Turkish authorities have relatively eased some of the measures under the state of emergency, and established a commission to oversee implementation of decrees in line with emergency rule laws, but kept most of the practices in place.
With 4 new emergency decrees signed by President Recep Tayyip Erdogan, the government moved to set up Emergency Procedures Investigation Commission to examine whether emergency practices had been carried out within the scope of law. The commission is also tasked with investigating applications by victims of purges.
Critics, however, quickly dismissed the commission, branding the watchdog as a move to prevent people from applying to the European Court of Human Rights. Citizens need to exhaust all domestic judicial instances before applying the European court.
The commission will consist of 7 jurists, most of whom will be appointed by the government.
According to the latest decrees, 367 more public servants have been dismissed, while 124 officials were restored to their posts. The dismissed officials will be ejected from public housing apartments, will not be able to work in any public institution any more. Their passports were also revoked. 2 more TV stations are closed, and all their property and equipment were confiscated by the state.
1 from the Saving Deposit Insurance Fund (TMSF), 2 from Turkey’s banking watchdog BDDK, 1 from Turkish Cooperation and Development Agency (TIKA), 1 from Ministry of Environment and Urbanization, 10 from General Directorate of Land Registry and Cadastre, 134 from the General Directorate of Immigration, 186 from Ministry of Health and many others from a dozens of government agencies are among those dismissed by the decrees.
73 public servants in Directorate of Religious Affairs, and 2 in state-run TRT channel, 1 in Ministry of Environment and Urbanization, 8 in General Directorate of Land Registry and Cadastre, 8 in Interior Ministry and dozens of others in various departments were restored to their posts.
The most high-profile dismissal was from the TMSF, which oversees company seizures. Its deputy head Sukru Kanberoglu was fired with the latest decrees.
The government also shortened pre-trial detention period from 30 days to 7 for detainees who are tried over non-terrorism charges and petty crimes. Prosecutors, however, can ask to extend the detention period for another week. Those who face terrorism-related charges will not able to benefit from the new practice. Given that majority of more than 100,000 people who were detained in the aftermath of the failed coup were actually held in custody over coup and terrorism charges, the decree does no good to them. Carefully scripted decree’s language seems to be designed to win accolades from Western observers and diplomats, but in reality shortening period spares tens of thousands of people detained in the post-coup era.
Meanwhile, Turkish prosecutors also issued an arrest warrant for more than 400 people across Turkey, including soldiers and the police, for using ByLock, a smartphone app that the government says was overwhelmingly used by supporters of the U.S.-based cleric Fethullah Gulen.
The latest move was long in the making at least to ward off criticism and a potential action by the Parliamentary Assembly of the Council of Europe (PACE), which voted whether to hold an urgent debate session on latest developments in Turkey in an upcoming convention on Jan. 26.
After intense diplomatic efforts from Turkey, PACE rejected an urgent session on Turkey at a meeting on Sunday in Strasbourg, France. A number of key international rights groups, including Amnesty International, ARTICLE 19, Human Rights Watch and PEN International penned down a letter to PACE to bring its “immediate attention to the serious deterioration of human rights in Turkey” in its upcoming meeting, to no avail.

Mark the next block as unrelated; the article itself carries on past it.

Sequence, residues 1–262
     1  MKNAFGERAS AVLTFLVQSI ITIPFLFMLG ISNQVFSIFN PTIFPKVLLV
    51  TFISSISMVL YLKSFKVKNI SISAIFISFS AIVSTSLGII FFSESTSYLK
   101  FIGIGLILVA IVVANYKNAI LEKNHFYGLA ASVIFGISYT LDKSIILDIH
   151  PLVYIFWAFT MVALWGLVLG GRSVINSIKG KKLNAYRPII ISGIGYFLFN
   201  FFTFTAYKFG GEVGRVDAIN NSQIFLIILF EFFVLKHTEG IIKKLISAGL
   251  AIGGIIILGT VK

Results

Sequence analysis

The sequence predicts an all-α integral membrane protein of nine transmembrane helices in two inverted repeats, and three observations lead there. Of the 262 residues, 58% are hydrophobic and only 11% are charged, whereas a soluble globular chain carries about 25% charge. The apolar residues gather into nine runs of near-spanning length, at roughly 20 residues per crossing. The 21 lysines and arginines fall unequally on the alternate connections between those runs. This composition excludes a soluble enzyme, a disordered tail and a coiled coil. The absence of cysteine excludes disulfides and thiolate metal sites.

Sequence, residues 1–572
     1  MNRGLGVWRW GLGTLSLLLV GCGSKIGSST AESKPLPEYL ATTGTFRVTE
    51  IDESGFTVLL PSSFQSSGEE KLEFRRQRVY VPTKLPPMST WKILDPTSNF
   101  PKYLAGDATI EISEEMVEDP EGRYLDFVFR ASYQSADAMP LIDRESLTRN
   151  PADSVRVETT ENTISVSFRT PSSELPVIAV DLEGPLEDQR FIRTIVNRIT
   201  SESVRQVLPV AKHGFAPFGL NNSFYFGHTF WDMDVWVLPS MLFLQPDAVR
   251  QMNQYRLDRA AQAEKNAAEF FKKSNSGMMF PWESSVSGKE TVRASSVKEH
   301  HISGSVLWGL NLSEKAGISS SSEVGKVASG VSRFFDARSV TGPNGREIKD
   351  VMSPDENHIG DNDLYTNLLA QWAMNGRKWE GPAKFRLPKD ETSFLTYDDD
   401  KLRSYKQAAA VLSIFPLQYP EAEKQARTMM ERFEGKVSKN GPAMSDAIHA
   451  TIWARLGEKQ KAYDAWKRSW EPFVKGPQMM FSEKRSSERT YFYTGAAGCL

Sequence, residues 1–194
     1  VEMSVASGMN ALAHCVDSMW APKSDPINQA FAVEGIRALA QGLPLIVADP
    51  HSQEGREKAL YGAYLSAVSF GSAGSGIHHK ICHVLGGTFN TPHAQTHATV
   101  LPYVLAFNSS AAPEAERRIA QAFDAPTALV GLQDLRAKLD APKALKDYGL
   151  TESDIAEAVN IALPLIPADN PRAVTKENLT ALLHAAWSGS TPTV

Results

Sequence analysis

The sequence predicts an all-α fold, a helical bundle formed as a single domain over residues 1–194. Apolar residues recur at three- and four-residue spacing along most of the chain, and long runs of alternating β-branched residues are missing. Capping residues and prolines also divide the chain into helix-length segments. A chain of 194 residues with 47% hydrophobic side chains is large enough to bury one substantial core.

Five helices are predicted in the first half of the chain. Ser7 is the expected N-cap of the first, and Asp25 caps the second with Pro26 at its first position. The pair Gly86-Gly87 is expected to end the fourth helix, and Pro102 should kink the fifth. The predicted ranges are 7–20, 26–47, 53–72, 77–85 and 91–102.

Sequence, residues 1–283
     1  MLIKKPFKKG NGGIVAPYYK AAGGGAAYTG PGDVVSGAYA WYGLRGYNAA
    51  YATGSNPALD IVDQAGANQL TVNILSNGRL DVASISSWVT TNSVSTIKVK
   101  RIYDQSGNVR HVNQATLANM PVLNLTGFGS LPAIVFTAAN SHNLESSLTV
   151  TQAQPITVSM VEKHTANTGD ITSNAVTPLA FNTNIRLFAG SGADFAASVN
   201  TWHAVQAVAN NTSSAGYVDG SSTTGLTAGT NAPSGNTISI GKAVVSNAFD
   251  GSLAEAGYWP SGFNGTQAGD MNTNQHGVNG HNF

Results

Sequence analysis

Ankara’s diplomatic maneuverings and new decrees came after PACE degraded Turkey’s status and opened monitoring status, a practice that was in place from 1996 to 2004 to oversee Turkey’s progress in human rights, freedoms, rule of law and democracy. In that regard, PACE issued reports, warnings and recommendations to encourage Turkish reforms in line with its EU membership goal.
Ingebjorg Godskesen (Norway, EC) and Marianne Mikko (Estonia, SOC), co-rapporteurs of PACE, visited Turkey between Jan. 9 and Jan. 13 on a fact-finding mission. They will present a detailed report to PACE convention this spring, but a summary of their report appeared on PACE website, reflecting on how Turkey faced setbacks in terms of liberties and democracy.
They called on Turkey to “ensure that the revised constitution complies with Council standards,” as Parliament passed a constitutional reform bill that envisages expanding powers of Mr. Erdogan, paving the way for a transition to an executive presidency. The bill will be voted in national referendum this spring amid genuine fears that separation of powers, the rule of law and checks and balances will disappear.
Turkey has mostly appeared unfazed and indifferent in the face of international criticism regarding the erosion of the rule of law during the emergency rule. More than 136,000 public workers have been purged, while 43,000 people have been jailed pending trial over coup charges. The sweeping purge campaign targeted every department of bureaucracy, leaving security apparatus, the military and the police fractured and crippled after removal of thousands of experienced officials.
The government claims that it is fighting against followers of a U.S.-based cleric Fethullah Gulen, who is accused of masterminding the coup plot on July 15 against Mr. Erdogan. Mr. Gulen denies the allegations.
One of the emergency measures allows companies and some public institutions to pay back their debt in foreign currency to the state with Jan. 2 exchange rate, which was 3.53 lira against a dollar.